Donny George, who has known al-Mutawalli since they were students together and was among her detractors at the museum, told me he doubted this allegation. "Despite the bad relations between me and Nawala in the past two years, I would never believe she would have anything to do with the looters," he said. "While I would say she's stupid, and she can't do her job in a good way, she would never be with the looters." Still, he admitted, "it's true we all had to do things we would never want to do, just to keep our places in the department, to keep [the regime] from destroying everything we had worked for." George wouldn't say exactly what he did or whether he got anything in return. But most museum employees believe that al-Mutawalli was paid six million dinars—about $2,500, at a time when doctors made just a few dollars a month—for cooperating with the regime during the months before last year's war.

Farhan described a series of incidents that he believed pointed to long-term complicity on al-Mutawalli's part. One day several years ago, while he was digging at a site near Nasiriya, in southern Iraq, Farhan excavated a vase that proved on examination to be a forgery. Within days he discovered another forged object buried in the dirt. This happened six times, always with Saddam's ubiquitous secret police nearby. Farhan realized that someone had been digging at the site, stealing objects, and replacing them with forgeries, all under the eyes of the secret police. Understanding that he risked punishment, perhaps even execution, Farhan nonetheless took his findings to the museum. Al-Mutawalli and al-Tikriti insulted him, dismissed his assessment, and reassigned him to the computer room, forbidding him to visit any archaeological sites. The man who replaced him discovered and reported forgeries as well, as did the two archaeologists who followed him. Al-Mutawalli and al-Tikriti fired each one for coming forward.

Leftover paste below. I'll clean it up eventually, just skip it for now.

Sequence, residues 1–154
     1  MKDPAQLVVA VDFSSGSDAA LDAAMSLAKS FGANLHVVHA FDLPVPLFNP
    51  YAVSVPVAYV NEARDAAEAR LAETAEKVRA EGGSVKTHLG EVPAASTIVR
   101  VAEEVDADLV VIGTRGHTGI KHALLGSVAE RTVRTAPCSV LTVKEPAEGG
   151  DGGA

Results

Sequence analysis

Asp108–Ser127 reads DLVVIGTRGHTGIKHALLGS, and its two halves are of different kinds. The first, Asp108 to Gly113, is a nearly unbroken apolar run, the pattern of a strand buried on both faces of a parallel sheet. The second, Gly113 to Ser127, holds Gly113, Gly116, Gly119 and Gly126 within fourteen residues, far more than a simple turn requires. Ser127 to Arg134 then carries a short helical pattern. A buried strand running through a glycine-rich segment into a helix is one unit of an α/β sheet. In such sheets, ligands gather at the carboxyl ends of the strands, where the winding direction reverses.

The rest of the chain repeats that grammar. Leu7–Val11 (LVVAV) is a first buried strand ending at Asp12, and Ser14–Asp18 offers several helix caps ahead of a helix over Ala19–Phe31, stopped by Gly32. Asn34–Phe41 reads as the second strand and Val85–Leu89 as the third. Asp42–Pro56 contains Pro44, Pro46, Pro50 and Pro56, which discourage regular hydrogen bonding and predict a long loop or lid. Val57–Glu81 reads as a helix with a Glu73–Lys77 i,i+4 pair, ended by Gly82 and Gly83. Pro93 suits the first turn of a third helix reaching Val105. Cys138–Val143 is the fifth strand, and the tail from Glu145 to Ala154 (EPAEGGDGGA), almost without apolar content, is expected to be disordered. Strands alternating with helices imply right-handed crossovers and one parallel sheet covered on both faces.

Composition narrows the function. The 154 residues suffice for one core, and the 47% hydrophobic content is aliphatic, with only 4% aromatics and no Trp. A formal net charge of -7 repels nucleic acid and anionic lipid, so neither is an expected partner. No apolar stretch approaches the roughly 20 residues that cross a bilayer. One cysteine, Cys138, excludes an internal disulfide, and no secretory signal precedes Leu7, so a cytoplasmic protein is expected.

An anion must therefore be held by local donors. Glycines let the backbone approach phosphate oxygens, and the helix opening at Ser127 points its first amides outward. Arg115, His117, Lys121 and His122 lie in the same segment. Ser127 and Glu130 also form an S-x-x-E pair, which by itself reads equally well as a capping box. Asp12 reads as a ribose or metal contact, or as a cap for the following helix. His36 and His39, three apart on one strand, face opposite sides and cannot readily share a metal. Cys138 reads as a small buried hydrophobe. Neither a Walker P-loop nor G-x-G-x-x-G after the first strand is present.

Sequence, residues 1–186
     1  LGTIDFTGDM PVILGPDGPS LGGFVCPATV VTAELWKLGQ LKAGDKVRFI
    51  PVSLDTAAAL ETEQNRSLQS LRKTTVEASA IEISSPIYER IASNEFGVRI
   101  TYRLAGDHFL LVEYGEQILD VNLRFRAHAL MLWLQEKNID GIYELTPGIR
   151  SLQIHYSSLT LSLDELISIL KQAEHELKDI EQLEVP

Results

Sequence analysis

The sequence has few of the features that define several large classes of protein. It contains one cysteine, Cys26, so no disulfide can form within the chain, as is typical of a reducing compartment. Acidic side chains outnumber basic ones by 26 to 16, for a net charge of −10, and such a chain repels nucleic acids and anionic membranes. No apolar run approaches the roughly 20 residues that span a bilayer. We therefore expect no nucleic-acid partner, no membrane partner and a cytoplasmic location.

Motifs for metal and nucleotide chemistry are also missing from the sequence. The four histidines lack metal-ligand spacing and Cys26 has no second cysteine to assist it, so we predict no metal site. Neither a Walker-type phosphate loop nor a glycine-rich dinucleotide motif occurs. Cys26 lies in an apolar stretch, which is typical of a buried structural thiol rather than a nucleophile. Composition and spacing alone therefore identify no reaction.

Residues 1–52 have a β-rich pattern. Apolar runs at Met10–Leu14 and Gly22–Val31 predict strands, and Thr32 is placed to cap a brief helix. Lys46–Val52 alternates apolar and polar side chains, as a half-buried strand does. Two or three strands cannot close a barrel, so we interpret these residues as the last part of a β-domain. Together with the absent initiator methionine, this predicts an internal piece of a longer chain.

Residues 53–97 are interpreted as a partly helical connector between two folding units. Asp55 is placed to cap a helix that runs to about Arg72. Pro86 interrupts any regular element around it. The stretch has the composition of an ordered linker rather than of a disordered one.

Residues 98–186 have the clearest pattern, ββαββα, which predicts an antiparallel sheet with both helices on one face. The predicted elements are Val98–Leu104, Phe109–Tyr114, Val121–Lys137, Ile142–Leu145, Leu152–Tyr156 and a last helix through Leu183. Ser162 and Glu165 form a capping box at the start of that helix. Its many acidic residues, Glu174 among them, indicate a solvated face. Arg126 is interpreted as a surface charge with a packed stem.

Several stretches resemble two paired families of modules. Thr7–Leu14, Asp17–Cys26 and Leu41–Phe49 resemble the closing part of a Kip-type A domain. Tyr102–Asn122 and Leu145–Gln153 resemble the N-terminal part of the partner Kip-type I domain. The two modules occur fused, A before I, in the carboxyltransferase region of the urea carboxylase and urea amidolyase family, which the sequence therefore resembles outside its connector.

After the April looting, as he waded through heaps of office papers strewn feet deep across the museum's floors, Farhan came across some government documents, which he showed me. The papers detailed the museum's acquisition of numerous antiquities that had never been catalogued; they also contained tracking information for museum objects that had left the country, but included no mention of their receipt by any institution abroad. One of Farhan's friends, another archaeologist at the museum, had signed the documents; Farhan learned that he had done so under threat. "Muyaad [al-Damirjy], Jaber [al-Tikriti], all of them—they were little Saddams who were just carrying out Saddam's will," Farhan told me with a disgusted snort.